The entire business of the dark room now exists as algorithms in software. All photographic apparatus, save for the rudimentary pinhole and glass, is reduced to information processing.
The abundance of pixels
The creative process requires trial and error. To be creative you should be allowed to create waste. The writer needs a wastepaper basket. The novel as an art form only took off after writers could afford to waste paper.
In the days of the darkroom, you could not afford to waste film, paper or chemicals. Creative photographers still existed and made incredible images but they were usually journalists or the affluent class who could afford to create waste in the medium.
Despite my waxing poetic about the dark room, it was a rather constraining environment. The high cost of materials was not the only limiting factor. The long time to go through the trial and error loop made experimenting with new ideas rather tedious especially for those photographers who did not develop their own film.
The field of experimental photography was missing its most crucial element - the amateur. In every art form, radical new ideas come from hackers and tinkerers working at the avant-garde. You need a large number of amateurs for a few breakthrough ideas to succeed. In photography, this happened after the mass market availability of affordable digital single reflex cameras.
In the late 1990s, the early digital cameras were promising but were widely dismissed by professionals. Sony had a line under the name Mavica which used a 3 1⁄2-inch floppy 💾 for storage. I only remember floppy drives for their frustrating unreliability.
I read an interview in the National Geographic, which was at the time the gold standard for film photography, in which a staff photographer claimed that digital cameras were interesting but would never replace the film for serious journalism. All those dismissals turned out to be the equivalent of Watson’s - “I think there is a world market for maybe five computers” - prediction.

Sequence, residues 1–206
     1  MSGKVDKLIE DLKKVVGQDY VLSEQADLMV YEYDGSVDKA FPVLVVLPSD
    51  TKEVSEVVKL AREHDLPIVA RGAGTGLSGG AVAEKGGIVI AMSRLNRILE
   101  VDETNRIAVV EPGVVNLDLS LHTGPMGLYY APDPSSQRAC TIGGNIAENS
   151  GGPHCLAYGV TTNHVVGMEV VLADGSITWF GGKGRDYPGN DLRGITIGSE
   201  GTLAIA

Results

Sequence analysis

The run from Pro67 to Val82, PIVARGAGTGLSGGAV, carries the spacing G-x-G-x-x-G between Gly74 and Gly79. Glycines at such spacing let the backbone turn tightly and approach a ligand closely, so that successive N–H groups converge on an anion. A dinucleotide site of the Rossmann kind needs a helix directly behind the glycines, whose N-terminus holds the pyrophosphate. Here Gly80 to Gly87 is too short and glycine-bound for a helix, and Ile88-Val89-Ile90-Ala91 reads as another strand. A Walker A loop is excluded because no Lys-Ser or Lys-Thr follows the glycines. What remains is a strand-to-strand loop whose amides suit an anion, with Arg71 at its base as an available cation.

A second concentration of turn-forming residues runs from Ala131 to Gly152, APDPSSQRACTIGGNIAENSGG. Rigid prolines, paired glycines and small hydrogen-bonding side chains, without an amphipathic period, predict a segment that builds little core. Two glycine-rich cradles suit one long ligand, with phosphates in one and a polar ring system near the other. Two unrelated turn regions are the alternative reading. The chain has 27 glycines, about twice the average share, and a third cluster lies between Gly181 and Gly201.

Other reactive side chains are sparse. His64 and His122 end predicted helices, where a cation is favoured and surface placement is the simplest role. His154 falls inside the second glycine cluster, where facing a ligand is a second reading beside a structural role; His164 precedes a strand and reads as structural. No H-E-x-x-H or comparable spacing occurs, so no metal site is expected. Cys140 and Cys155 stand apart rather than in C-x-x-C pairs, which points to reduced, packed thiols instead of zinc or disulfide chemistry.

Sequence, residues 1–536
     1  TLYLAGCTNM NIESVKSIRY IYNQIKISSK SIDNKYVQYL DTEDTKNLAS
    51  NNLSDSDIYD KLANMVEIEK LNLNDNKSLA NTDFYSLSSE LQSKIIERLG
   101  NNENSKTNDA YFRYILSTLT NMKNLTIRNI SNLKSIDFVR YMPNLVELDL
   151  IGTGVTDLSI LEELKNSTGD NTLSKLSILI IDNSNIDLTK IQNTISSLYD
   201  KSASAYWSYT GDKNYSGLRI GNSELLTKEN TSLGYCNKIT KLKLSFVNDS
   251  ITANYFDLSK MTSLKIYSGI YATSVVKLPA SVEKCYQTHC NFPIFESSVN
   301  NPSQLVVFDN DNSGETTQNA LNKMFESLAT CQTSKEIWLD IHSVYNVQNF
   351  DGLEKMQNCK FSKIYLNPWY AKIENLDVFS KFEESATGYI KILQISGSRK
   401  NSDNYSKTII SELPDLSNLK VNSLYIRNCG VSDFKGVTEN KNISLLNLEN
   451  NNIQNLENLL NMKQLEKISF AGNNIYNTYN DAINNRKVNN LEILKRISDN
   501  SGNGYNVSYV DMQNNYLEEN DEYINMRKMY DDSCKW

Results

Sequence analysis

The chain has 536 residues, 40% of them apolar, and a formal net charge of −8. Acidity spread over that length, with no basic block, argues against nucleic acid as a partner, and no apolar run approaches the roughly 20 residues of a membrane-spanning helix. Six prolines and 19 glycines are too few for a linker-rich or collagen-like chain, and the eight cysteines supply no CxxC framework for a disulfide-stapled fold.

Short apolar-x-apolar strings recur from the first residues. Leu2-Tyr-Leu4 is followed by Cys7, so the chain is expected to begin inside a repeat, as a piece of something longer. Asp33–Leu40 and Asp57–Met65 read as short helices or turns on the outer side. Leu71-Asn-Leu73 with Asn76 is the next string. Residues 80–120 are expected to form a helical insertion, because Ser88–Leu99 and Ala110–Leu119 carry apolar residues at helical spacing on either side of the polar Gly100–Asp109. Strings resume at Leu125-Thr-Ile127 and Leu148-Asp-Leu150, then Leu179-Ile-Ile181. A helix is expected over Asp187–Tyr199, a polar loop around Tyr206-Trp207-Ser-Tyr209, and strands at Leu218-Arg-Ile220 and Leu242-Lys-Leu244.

During the early 2000s, Moore’s law held very steadily and with every year, increasingly capable DSLRs came to the market. Professionals were initially worried that discreet pixels could not match the fidelity of film, but camera resolution rapidly reached a point where the difference became insignificant. Everyone and their mother bought digital cameras.
This race for higher megapixels lasted very briefly until around the point that cameras reached 10 to 12 megapixels. Beyond that, the returns were diminishing unless you were a professional or printed images in large format. Serious amateurs started investing in lenses which were expensive since they were not subject to the efficiencies of Moore’s law.
A digital photograph is a piece of data that encodes an image which is a 2-dimensional representation of a 4-dimensional event in space-time. A camera can output almost infinite images. In practice, most of these images will be redundant either due to technical errors or because they are not distinct enough amongst the set of other images corresponding to the same event. The goal of the photographer then is to generate non-redundant images, producing information with high entropy.
Rules of the game
Photography is commonly defined as a process of making images on a surface using light. This definition is far too preoccupied with the tools of the trade and does not get at the true nature of the medium. McLuhan’s famous phrase “the medium is the message” would suggest that to understand what photographers are really doing and what photography is about we need to look outside the camera obscura and see it as a [black box](https://en.wikipedia.org/wiki/Black_box">black box).
Look at what photographers do with the camera. They change settings and turn dials. They move the camera around. They look through the camera at the world but it is not the world that interests them. They are imagining what kind of image will the camera produce in its current configuration. They are searching for the most technically correct and non-redundant image amongst the set of all possibilities.
This kind of searching and goal-seeking turns photography into a game. In his book “Towards a Philosophy of Photography”, published in 1983 roughly a decade before the digital camera, Vilém Flusser drew a remarkably astute comparison between photography and chess. Chess players search for new moves and possibilities within the space of chess games. They are looking for a non-redundant move that the opponent would not have predicted and would give them a positional advantage. Some moves are so non-redundant that they become the decisive moment of victory in a chess game and can be truly called beautiful.